‘Women’s Manifesto Encourages Increased Participation in Governance’ -Paulita Wie

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The founder and chief executive officer of the not-for-profit organization, Helping Impact Liberia (HIL), Paulita Wie, says the three-day conference (Dec. 6-8) that revised the Liberia Women’s Manifesto Framework – 2017 provided the foundation for women to understand strategies to involve them in the governance of the country.

She told the Daily Observer in an interview yesterday that the conference, held in Monrovia, which benefitted over 150 women, a majority of whom came from rural Liberia, exposed them to essential tools necessary for nation building.

“The Manifesto was initially held in 2005 to ensure that women are aware of everything that goes with elections and how women can use their knowledge and skills to come into the mainstream to acquire recognition of their participation in the country’s governance,” she said.

Ms. Wie, who is a representative aspirant for Montserrado District #9, said the four themes discussed at the conference included empowering women in the economy, healthy families, safe communities and political rights and leadership (women’s participation).

With over ten years experience in social advocacy, Ms. Wie said now that she is turning her attention to get involved in politics, the discussions on political rights and leadership that involves women’s participation exposed her to strategies useful to her objectives.

She said she was also encouraged by President Ellen Johnson Sirleaf, US Ambassador Christine Elder and Gender Minister Julia Duncan Cassell. Also in attendance was veteran educator and women’s rights promoter, Mother Mary Brownell.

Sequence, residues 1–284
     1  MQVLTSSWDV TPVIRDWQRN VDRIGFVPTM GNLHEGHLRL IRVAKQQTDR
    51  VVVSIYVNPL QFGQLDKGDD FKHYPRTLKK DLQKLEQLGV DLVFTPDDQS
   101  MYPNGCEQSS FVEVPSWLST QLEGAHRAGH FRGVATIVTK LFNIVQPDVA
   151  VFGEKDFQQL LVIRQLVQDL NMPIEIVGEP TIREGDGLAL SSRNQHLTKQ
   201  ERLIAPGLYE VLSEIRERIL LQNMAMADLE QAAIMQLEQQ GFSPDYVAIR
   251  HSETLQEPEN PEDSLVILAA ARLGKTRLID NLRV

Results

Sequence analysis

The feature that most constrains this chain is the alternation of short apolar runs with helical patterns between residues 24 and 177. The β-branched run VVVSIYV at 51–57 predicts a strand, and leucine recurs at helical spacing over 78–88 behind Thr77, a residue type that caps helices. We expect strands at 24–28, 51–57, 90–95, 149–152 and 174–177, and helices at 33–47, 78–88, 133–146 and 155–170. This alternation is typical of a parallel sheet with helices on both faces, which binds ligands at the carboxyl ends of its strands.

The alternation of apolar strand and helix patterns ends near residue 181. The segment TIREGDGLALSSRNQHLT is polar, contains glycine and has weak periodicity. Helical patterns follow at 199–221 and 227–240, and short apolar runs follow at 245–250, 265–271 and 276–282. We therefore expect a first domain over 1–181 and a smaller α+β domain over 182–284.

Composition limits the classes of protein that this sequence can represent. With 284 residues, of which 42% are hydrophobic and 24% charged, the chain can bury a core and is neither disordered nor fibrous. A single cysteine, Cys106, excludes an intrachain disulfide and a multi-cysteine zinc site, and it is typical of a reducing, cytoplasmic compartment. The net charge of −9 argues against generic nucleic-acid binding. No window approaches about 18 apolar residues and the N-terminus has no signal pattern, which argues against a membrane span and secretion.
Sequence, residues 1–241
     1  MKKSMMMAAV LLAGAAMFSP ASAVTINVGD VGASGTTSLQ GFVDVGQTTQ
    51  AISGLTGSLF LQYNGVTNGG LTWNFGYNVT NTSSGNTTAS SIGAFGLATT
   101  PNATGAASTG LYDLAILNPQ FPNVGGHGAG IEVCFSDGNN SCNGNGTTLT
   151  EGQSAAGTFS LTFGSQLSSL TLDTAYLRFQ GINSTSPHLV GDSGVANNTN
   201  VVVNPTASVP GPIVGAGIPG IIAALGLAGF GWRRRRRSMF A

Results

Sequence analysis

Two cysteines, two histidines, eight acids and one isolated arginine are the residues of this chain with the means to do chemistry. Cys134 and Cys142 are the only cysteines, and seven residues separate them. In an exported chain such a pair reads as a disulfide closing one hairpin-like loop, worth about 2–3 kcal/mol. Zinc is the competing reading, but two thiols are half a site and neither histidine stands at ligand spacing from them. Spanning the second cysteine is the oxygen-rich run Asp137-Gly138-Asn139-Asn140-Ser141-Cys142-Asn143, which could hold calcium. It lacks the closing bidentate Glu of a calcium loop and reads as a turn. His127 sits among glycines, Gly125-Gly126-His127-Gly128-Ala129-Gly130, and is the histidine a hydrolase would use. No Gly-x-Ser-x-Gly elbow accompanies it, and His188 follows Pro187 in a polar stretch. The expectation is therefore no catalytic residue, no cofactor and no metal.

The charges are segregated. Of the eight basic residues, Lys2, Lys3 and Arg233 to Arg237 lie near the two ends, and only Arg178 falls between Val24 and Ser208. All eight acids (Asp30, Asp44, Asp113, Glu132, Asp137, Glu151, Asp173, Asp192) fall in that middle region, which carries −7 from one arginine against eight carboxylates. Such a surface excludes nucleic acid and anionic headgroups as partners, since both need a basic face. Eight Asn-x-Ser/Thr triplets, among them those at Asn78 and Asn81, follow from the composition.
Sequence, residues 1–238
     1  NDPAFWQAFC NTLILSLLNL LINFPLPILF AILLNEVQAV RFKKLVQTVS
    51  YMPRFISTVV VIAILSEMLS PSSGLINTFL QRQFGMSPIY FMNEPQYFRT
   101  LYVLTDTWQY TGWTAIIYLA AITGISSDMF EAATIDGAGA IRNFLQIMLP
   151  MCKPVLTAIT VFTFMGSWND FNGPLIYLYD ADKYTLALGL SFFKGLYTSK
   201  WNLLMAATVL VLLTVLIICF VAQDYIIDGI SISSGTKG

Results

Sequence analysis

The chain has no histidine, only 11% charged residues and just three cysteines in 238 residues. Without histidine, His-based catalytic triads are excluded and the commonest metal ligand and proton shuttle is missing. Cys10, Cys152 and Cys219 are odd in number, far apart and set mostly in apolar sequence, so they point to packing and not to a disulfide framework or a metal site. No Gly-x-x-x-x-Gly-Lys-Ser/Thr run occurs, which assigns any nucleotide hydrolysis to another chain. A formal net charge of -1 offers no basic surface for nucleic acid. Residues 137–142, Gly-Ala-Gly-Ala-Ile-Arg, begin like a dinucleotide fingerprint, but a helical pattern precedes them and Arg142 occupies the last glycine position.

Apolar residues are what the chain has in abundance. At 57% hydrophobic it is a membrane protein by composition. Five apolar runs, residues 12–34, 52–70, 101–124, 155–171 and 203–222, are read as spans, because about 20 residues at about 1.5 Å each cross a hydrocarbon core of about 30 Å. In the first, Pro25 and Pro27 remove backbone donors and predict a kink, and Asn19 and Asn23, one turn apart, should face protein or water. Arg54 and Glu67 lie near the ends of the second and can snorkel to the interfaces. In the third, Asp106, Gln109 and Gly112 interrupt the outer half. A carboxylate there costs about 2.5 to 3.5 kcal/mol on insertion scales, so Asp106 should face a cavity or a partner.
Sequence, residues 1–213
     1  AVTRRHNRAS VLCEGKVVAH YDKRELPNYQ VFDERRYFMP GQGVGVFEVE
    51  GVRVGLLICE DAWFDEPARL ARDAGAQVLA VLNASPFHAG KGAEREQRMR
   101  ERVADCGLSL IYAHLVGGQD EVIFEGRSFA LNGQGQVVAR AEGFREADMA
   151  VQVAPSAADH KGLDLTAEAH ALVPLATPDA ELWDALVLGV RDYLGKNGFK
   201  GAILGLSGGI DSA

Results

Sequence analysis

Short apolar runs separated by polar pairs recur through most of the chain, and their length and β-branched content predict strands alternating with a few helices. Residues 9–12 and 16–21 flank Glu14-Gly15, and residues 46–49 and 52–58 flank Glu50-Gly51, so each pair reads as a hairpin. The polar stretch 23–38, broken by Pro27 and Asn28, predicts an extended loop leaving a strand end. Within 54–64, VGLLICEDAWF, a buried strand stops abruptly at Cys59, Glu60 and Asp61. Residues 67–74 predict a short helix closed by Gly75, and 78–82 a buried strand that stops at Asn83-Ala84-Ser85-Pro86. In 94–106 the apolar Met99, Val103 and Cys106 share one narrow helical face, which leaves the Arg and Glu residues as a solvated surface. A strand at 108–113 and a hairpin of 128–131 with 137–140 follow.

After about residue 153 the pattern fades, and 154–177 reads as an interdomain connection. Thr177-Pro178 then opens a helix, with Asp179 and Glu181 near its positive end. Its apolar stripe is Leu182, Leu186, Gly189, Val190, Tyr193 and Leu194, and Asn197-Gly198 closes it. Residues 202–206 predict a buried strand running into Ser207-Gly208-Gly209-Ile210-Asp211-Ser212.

Ms. Wie noted that she was impressed with President Sirleaf’s statement at the conclusion of the conference that she would give women her fullest support as they work as hard as possible in their pursuit of national leadership roles.

She said although Ambassador Elder spoke on anti-social behaviors, such as rape and violence against women, her statement of admiration for Liberian women’s determination to do everything to lead the next generation was encouraging and gave her food for thought.

“I learned a lot from strategies during the plenary sessions with groups, particularly from rural communities and I am developing my own strategies to encourage women’s togetherness and the means to create opportunities for our development,” she said.

Ms. Wie said Madam Ruth Caesar, one of the organizers, who also spoke at the occasion, impressed her, especially when she pointed out that their consultations were meant to identify strategies that could be used as their platforms to address critical issues facing women when it comes to competing with their male counterparts during the 2017 elections.

The Liberian Women’s Manifesto Framework – 2017 came about in 2005 before Liberia’s first elections in that year. It was the time when Liberian women came together and developed a policy framework document aimed at identifying and making policy recommendations to government.

This year’s conference was organized by the National Democratic Institute (NDI) with funding from USAID.

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